Updated: Jun 28, 2022
You have exhausted your disagreement ARDs, you have used up your recesses and now you don’t know what to do:
“Stay Put” provision - What they are, how they work, and how to use them!
You have disagreed in part or in whole with the ARD/IEP committee’s proposed changes to your child’s IEP, programming, placement, or services. You requested and have taken the 10 day recess. When you come back together, as a committee, all parties still cannot agree on the changes. If an agreement can not be reached, the school is within its right to choose to implement the changes to the IEP, programming, services, etc. that they have determined are needed. You want what you believe is best for your child. How should you proceed? Is there another option? The answer is yes, there is another option.
First, do not waive your 5 day waiting period. When the committee introduces the 5 day waiting period at the end of the meeting, as the parent, guardian, or legal caregiver, can waive those 5 days and implement the program immediately. Those 5 days are there to help give the committee time to think about and review the meeting minutes, changes in services and/or goals, and still be able to make changes before implementation. In this case, do NOT waive that 5 day waiting period. During those 5 days, you will work on what is known as the “stay put” provision in IDEA.
Also known as a pendency proceeding, the Stay Put provision in IDEA allows your student to “stay put” and continue to receive the same services they were receiving prior to the proposed changes while you and the school complete a process. To prevent the school from implementing the proposed changes to the IEP, you must move quickly by following the process and requesting “stay put”.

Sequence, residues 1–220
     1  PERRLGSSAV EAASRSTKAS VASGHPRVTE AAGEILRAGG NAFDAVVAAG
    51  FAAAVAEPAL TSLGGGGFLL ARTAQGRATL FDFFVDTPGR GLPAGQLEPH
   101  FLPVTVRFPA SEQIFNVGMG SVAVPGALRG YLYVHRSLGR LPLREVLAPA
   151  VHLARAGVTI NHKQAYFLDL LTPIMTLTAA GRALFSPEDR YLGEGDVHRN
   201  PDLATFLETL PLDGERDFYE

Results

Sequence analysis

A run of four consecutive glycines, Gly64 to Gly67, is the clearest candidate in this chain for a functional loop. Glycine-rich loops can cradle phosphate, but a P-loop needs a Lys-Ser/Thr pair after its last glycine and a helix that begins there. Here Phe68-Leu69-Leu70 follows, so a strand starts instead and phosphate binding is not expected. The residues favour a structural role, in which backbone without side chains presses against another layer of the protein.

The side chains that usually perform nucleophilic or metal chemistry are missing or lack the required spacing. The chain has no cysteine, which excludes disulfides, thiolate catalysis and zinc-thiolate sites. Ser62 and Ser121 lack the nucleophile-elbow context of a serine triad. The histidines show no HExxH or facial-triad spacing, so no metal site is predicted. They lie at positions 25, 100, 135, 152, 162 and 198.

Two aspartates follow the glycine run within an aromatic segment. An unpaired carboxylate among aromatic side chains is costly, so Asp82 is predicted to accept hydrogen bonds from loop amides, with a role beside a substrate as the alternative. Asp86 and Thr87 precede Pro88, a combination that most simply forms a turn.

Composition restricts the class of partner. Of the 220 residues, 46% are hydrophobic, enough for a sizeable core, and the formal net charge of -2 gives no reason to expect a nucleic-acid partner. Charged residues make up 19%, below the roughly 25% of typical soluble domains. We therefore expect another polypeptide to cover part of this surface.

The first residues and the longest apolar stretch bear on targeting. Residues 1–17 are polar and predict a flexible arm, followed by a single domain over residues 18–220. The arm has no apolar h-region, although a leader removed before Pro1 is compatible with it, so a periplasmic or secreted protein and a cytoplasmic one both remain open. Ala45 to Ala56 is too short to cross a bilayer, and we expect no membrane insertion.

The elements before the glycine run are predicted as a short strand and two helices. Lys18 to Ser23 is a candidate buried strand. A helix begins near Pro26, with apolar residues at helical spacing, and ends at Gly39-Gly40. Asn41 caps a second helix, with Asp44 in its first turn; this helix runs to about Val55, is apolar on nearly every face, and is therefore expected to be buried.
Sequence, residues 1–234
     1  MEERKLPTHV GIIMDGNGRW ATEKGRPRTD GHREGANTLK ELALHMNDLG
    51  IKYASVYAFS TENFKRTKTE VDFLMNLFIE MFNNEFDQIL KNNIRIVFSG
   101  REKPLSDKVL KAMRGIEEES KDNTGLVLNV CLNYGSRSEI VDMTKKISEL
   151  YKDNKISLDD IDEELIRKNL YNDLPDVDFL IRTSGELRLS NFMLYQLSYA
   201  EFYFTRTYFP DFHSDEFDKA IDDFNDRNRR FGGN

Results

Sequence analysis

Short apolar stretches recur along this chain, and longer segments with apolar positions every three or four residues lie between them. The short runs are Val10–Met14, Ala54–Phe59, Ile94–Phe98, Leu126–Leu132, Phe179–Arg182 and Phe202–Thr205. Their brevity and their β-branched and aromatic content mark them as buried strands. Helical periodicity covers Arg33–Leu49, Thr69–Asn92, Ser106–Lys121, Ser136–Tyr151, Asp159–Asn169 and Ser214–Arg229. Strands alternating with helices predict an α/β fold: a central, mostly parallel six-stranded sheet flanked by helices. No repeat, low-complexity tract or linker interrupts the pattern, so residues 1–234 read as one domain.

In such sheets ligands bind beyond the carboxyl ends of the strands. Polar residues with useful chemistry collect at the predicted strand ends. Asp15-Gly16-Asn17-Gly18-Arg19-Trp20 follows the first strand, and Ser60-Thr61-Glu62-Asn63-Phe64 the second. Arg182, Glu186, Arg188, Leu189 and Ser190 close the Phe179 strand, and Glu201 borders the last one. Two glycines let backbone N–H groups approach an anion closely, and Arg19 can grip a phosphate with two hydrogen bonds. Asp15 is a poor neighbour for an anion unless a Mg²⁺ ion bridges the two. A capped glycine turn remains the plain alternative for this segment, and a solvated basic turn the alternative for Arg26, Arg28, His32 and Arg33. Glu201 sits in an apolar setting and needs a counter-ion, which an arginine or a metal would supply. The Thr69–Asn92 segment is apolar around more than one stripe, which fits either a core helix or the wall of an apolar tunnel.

In Texas, your first step would be to file for a request for a due process hearing with TEA or the Texas Education Agency, asking for a “stay put” before the IEP changes go into effect (5 days after your final disagreement ARD meeting). Again, make sure that you do NOT waive the 5 day waiting period.
The “stay put” request makes it so that the last IEP, the one that was utilized prior to the proposed IEP changes, will remain in effect for the months it may take for the disagreement to be sorted out, investigated, or mediated by an Independent Hearing Office (IHO). During that time the school can’t change the student’s IEP. It must “stay put” until the situation is resolved. The IHO is an “impartial neutral” third party with knowledge of special education laws, and has the authority to determine what is educationally appropriate for the student.
When you invoke the “stay put” provision, your child’s current placement and IEP can remain the same until you and the school resolve the disagreement.
Should the school feel that a “stay put” provision could result in harm to your child or to others, the school can move your child to another program, or more restrictive environment, for up to 45 school days, even if you disagree with it.
During that time, the school is required to provide services designed to address the behavioral problems and work to improve them.
** It’s important to note here that, should you choose to enact the “stay put” provision and process you have the right to represent yourselves in the proceedings; however, it is encouraged that you seek the advice or representation of legal counsel who specializes in special education law in your state. Special Education Due Process hearings can be complex, and administratively heavy, in which the rules of procedure, discovery, and evidence apply.